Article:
By: Charles R. (Bob) Hitz Blog # 42 Final Dec. 28, 2017
By December 2017 the John N. Cobb was finally getting the loving care that she deserved after she was decommissioned in 2008. Since that date she has gone downhill. She sat for about seven years under the Ballard Bridge, then was sold in 2015 to a new owner who began to modify her at Stabbart Maritime in Ballard on the ship canal, just inside the locks. Wondering what happened to her, I looked her up in Wikipedia encyclopedia under the “R/V John N. Cobb” where the last sentence read; “She is located at Port Townsend, Washington pending seizure by the city and eventually will be scrapped.” I called the Port and talked to Eric Toews, who invited me over to see her. I made the trip there on Friday, July 15, 2016.
Eric told me that the Wikipedia statement was incorrect, that they were going through the correct procedures for placing her for sale. Once that was done they sold her to Ron Sloan of Reedsport, Oregon on April 26, 2017. Ron was kind enough to E-mail me – “I just wanted to let you know I got the Cobb. Deal was finalized yesterday.” He is an albacore fishermen working out of Oregon, where the fisheries last from June to September each year. He was then preparing to go fishing for the 2017 season, which is the time the weather is best to tow a vessel down the coast.
He had planned to tow her himself, but instead contracted another fisherman who towed her to her new home port of Winchester Bay, Oregon, arriving there on August 18, 2017, crossing the bar on a high slack tide. In my opinion, towing a vessel down the coasts of Washington and Oregon is no laughing matter, so the vessel Sunnford and her skipper did a wonderful job. Everything went well.
Before she left Washington I went over to Port Townsend hoping to meet Ron, but he wasn’t there. However I met a retired engineer, Joe Johannes, who described what he had to do to get the Cobb ready to tow. One of the problems was how to get the forward anchor winch operating after years of neglect. That was important, because they had to disconnect the anchor from the chain, attach the tow rope to the chain and let it out to about 150 feet. It would work as a shock absorber between the Cobb and the towing vessel so that the tow rope wouldn’t come out of the water due to ocean swells, violently jerking the vessels. Then they had to retrieve the chain before they went across the bar into port. The winch was frozen, and when he couldn’t get it to work, he took a sledgehammer to it which brought it to life once again. The engine room was really dark because of the shore power and he needed to get light there so they could get one of the generators to operate, in order to have the correct navigation lights working during the tow. Another major problem was to locate the steering gear which had been removed before Ron got the vessel, and reinstalling it before she could be towed.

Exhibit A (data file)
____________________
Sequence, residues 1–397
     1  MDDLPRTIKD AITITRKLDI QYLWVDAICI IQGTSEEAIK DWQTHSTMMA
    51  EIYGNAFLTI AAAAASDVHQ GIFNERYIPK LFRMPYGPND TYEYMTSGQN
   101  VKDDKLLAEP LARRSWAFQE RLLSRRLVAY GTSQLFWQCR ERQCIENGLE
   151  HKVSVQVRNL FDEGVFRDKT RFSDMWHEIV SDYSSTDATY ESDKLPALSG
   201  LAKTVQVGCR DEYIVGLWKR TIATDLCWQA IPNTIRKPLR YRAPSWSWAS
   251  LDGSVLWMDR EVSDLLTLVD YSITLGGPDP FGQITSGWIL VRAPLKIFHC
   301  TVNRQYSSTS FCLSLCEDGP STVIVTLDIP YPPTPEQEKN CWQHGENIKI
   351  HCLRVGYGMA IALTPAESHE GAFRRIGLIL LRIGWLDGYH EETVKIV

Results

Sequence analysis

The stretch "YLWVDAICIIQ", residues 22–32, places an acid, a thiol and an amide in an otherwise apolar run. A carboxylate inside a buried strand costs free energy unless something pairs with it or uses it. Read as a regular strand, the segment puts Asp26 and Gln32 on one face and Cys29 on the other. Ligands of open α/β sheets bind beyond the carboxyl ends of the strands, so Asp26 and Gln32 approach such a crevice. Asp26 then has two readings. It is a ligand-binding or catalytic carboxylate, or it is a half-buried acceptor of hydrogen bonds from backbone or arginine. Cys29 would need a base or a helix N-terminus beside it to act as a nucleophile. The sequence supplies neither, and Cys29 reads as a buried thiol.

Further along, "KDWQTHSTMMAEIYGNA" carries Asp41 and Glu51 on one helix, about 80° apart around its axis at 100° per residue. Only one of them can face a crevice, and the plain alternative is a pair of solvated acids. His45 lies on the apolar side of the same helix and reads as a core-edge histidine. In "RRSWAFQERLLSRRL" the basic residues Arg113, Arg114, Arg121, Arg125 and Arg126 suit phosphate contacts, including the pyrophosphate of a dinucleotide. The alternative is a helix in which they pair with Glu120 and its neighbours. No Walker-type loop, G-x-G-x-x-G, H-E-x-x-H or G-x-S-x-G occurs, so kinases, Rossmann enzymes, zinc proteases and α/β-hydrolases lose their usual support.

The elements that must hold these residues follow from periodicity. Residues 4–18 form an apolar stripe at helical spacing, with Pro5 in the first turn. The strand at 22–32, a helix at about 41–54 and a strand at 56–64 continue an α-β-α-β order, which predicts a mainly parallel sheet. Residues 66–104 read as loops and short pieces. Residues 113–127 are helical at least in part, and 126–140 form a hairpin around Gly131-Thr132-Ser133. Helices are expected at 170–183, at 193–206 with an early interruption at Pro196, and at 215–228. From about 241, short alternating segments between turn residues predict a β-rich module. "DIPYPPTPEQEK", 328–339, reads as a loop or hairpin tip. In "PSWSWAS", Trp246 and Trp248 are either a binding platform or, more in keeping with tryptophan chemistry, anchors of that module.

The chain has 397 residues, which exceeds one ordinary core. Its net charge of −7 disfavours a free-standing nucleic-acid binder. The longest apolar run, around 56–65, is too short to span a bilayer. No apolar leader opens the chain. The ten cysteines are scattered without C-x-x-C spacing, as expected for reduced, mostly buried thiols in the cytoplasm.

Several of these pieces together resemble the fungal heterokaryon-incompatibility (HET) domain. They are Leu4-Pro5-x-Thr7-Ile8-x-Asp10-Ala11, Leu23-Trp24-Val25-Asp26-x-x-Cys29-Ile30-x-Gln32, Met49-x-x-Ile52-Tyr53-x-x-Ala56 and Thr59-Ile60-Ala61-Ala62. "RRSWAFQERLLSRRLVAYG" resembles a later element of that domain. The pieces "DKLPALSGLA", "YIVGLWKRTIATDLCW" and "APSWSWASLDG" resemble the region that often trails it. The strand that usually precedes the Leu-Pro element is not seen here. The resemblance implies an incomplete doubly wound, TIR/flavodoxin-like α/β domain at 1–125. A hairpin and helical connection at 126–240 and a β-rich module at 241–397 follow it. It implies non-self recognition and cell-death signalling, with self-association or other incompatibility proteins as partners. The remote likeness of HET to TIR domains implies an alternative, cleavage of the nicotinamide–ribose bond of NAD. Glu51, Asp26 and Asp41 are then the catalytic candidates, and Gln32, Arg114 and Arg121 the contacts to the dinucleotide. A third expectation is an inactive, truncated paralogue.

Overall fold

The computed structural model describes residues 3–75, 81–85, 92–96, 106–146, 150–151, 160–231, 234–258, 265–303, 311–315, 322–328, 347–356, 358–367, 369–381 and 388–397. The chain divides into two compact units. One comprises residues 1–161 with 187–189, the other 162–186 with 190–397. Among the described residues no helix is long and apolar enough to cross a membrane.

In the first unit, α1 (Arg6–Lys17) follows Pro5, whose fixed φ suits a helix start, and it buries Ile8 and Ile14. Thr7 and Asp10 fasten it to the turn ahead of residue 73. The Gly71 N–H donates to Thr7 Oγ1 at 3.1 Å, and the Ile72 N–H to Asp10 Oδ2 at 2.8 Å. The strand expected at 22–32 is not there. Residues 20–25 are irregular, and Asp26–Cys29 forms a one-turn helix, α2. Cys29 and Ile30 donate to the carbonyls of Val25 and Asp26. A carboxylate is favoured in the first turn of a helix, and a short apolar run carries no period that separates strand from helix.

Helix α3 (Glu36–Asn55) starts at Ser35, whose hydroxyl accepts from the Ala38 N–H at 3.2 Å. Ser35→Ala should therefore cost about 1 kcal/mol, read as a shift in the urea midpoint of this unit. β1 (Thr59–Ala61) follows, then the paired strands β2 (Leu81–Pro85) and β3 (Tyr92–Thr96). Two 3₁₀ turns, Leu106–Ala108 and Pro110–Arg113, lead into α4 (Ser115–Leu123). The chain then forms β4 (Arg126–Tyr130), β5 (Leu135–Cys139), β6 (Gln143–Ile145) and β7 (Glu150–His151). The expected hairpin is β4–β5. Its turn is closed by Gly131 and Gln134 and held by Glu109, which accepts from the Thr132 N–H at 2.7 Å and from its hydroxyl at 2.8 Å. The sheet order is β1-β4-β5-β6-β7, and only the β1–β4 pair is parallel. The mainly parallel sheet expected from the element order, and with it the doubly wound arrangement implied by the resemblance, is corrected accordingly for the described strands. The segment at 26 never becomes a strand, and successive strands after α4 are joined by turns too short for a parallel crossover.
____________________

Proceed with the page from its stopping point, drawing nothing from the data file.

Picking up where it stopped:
As soon as the fishing season was over allowing Ron to work on the Cobb, he built a temporary cover over the afterdeck to keep rain water out. Once it was covered he sent me an E-mail; “The Cobb is finally stabilized! NO fresh water is entering the hull now.” He also got the furnace working so that the interior was warm and dry and got the fresh water system fully operational, which gave them plenty of hot water to clean with. He found the bilge full of oil that had to be removed and said it wasn’t fun, but had to be done. He began to dismantle the main engine and replacing parts of the after deck which had started to rot. He said that it is fortunate that he got her when he did – the rot hadn’t gotten to the deck beams.
Ron send a recent picture of the Cobb with NOVA alongside, she was one of his restorations and he uses her to fish for albacore. It has a beautiful stern, completely different from the COBB’s cruiser stern. Year 2017 has been a good one for COBB – she is loved once again and it shows.